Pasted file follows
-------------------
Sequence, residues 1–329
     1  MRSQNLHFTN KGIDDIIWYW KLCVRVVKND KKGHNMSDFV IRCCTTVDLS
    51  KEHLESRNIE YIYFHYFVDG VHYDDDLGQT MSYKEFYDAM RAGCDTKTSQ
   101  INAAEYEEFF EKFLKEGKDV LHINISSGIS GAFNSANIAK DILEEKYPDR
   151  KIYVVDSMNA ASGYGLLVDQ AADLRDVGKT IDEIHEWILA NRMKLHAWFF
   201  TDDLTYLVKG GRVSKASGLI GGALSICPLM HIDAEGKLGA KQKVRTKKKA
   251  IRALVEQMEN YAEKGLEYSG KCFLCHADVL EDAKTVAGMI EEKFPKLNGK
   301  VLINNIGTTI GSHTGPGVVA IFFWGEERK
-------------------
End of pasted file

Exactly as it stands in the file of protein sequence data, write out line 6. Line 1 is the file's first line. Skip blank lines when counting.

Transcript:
   201  TDDLTYLVKG GRVSKASGLI GGALSICPLM HIDAEGKLGA KQKVRTKKKA